February 20th 2015: The day when 1000 voices are coming together to speak words of compassion into a world that desperately needs to hear them. I'm excited to be among those voices.
Webster defines compassion as: "Sympathetic consciousness of others' distress together with a desire to alleviate it." Literally compassion means to "suffer together."
True compassion means not only feeling another's pain but also being moved to help relieve it.
Mankind has and is making unequaled progress on so many fronts. People are more connected globally than we've ever been before. Communication is instant and we no longer need to wonder about anything as Google is only a tap away. Many of these advancements have contributed greatly to the quality of life we enjoy. I wonder if they're also contributing to the decline of compassion.
We're confronted almost constantly with suffering via news stations, social media sites and printed news. Is this barrage of pain serving not only to inform us but also to dull our senses and heighten our tolerance to it?
If you want others to be happy, practice compassion.
If you want to be happy, practice compassion.
-The Dalai Lama
How can we remain caring and have a desire to help alleviate the suffering of others when the sheer magnitude of distress exceeds our ability to completely comprehend it? How can we "save the world?" There's just too much to do and we, with all of our time saving creations, seem to have less time today than ever. Isn't it easier just to block it out - refuse to acknowledge the suffering in hopes that it will either take care of itself or someone else will take care of it? Isn't that why we pay taxes? So something will be done? These are all good questions, with no satisfactory answers.
Let us fill our hearts with our own compassion - towards ourselves and towards all living beings.
-Thich Nhat Hanh
-Thich Nhat Hanh
It is easy to become overwhelmed. It's even easier to pretend that suffering isn't real or is self imposed by the poor choices that others make. Sometimes that is the case after all. People do from time to time land on hard times through circumstances they helped to create. Don't we all?
Wisdom, compassion, and courage are the three universally recognized moral qualities of men.
When we're suffering ourselves, isn't the one thing we want from others compassion? Don't we want to be understood, heard, and directed? Compassion is an easy concept to understand when we're on the needing end of it. Its power to heal is completely evident then.
So, what can we do? Where do we even start with the overwhelming task at hand?
RIGHT WHERE WE ARE!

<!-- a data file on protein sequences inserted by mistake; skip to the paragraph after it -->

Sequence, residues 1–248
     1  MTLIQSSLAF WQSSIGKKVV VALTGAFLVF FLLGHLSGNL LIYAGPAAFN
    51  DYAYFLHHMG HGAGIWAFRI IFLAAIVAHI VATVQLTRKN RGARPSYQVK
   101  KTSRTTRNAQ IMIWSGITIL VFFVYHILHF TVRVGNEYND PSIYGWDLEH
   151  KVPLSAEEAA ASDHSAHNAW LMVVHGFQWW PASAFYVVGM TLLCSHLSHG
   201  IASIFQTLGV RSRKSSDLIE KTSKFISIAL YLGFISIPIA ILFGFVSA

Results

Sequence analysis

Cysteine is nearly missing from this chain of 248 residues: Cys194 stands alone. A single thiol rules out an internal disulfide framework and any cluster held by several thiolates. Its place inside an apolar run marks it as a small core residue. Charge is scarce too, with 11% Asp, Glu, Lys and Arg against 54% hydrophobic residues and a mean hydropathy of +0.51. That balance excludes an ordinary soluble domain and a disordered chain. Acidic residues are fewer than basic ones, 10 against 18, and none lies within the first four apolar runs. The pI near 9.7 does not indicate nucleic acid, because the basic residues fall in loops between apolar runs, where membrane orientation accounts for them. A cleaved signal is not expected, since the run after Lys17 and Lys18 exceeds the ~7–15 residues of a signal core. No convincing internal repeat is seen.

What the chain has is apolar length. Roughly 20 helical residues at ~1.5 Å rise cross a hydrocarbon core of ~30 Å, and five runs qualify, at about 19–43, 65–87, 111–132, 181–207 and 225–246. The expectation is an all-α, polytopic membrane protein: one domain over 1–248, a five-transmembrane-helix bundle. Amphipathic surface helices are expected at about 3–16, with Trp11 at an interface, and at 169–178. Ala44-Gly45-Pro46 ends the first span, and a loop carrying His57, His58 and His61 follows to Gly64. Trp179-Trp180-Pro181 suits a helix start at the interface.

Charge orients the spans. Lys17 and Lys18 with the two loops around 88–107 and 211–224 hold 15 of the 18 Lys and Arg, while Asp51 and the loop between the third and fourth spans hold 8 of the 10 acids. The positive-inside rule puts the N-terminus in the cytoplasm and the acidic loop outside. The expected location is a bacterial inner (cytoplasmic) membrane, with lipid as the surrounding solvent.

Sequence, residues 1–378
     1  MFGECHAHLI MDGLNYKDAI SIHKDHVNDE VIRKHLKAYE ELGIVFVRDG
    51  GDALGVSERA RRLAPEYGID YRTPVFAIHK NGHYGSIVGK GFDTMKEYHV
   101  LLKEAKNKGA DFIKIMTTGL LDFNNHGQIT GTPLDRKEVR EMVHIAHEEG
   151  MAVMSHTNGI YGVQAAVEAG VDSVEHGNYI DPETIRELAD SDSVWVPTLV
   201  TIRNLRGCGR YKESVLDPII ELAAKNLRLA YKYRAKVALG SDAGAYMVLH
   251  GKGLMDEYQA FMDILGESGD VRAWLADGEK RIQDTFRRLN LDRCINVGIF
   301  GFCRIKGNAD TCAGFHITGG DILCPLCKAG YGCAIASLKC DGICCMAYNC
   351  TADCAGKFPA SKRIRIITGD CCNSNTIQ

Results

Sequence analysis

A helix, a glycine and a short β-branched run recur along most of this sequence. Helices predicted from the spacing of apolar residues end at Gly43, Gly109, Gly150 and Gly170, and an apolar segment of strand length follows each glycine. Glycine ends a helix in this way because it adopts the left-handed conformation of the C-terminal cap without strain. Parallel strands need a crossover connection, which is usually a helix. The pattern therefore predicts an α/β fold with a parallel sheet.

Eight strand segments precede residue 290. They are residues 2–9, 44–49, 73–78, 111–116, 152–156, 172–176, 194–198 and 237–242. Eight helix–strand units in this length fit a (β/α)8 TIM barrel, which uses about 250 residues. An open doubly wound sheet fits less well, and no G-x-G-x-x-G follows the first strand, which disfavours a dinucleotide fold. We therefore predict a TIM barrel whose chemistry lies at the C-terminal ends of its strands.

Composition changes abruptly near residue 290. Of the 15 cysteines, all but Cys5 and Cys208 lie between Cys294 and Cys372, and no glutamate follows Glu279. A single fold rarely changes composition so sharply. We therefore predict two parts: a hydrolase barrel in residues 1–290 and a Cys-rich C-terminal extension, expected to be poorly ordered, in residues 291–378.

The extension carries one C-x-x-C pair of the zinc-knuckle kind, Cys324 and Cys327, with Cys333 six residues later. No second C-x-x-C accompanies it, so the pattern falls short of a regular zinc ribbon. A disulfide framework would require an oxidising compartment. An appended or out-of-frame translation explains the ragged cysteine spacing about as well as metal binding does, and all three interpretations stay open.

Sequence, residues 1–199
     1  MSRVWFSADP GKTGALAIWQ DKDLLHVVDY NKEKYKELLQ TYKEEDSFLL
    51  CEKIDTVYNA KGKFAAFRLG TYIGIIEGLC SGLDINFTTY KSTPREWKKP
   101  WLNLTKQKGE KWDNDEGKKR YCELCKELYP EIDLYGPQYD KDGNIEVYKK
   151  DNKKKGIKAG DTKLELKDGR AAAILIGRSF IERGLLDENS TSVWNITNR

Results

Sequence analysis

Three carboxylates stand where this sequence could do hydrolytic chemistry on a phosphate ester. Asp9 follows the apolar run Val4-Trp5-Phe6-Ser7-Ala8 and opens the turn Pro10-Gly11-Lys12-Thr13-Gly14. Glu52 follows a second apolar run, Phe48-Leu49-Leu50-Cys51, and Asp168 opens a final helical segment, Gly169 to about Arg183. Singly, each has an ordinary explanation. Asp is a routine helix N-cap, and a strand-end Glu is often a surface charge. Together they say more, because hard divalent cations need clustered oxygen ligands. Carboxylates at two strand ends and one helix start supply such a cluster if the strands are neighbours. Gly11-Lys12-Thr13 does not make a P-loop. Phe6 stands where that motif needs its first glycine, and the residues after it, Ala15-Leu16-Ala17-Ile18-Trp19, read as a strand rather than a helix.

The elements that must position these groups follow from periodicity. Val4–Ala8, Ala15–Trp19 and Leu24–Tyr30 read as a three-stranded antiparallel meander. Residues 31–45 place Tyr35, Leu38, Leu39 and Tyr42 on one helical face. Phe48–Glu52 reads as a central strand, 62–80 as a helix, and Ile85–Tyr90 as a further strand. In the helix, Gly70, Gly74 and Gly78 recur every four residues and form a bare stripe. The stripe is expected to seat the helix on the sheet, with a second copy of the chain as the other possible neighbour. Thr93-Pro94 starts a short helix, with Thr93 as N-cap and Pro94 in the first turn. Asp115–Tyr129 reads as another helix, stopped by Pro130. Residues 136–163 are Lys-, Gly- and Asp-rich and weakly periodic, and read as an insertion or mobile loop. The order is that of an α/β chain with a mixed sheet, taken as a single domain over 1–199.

None of us can do everything, but each of us can do something. We can start in our homes to be more present and aware of the needs of those we love with a heart open to responding. We can carry it from there into our relationships with our friends and colleagues. We offer compassion to complete strangers as we encounter them on the roadways - heaven knows that compassion could make our commutes much less stressful.
We can seek first to understand, then to be understood. We can offer support to a grieving friend - take them a meal, offer to listen and just be with them.
COMPASSION DOES THE SPIRIT GOOD! PASS IT ON!
Compassion begins with awareness coupled with concern. It doesn't need to be some huge feat. It's often the small acts of tender kindness that mean the most to others. Just letting them know that they're not invisible and someone is aware of the burden they carry can do so much.
We can begin to make eye contact with those on the streets who are homeless. Show them that we recognize their inherent worth - even if we can't offer financial aid at that moment. We can afford a smile and a hello no matter how down on our luck we may be.
Our human compassion binds us the one to the other - not in pity or patronizingly, but as human beings who have learned how to turn our common suffering into hope for the future.
- Nelson Mandela
- Nelson Mandela
As transforming as a compassionate act can be for the one who receives it, it is even more transforming for the person offering it. It is impossible to serve another without our own hearts being lifted. We forget - even for just that moment - our own concerns. Our spirits are renewed.
The joy compassionate service brings is something we want to feel again and again. It reminds of us of something deep inside ourselves that has always been there even when unused. It connects our hearts to others making us feel less isolated and alone.
The individual is capable of both great compassion and great indifference. He has it within his means to nourish the former and outgrow the latter.
- Norman Cousins
Let this day, February 20, 2015, be the day when we recommit to our humanity. Let it be a defining moment when we open our eyes and see again. Let's find a way to lift a burden, share a sorrow, offer a helping hand.
Let's remember that we're all more alike than we will ever be different, that our human needs are the same. Let this be the day that your heart begins taking its daily recommended dose of joy born of compassionate concern for another. Let me offer you just this one warning:
WARNING: ACTS OF COMPASSION MAY BECOME ADDICTIVE AND HAZARDOUS TO YOUR APATHY.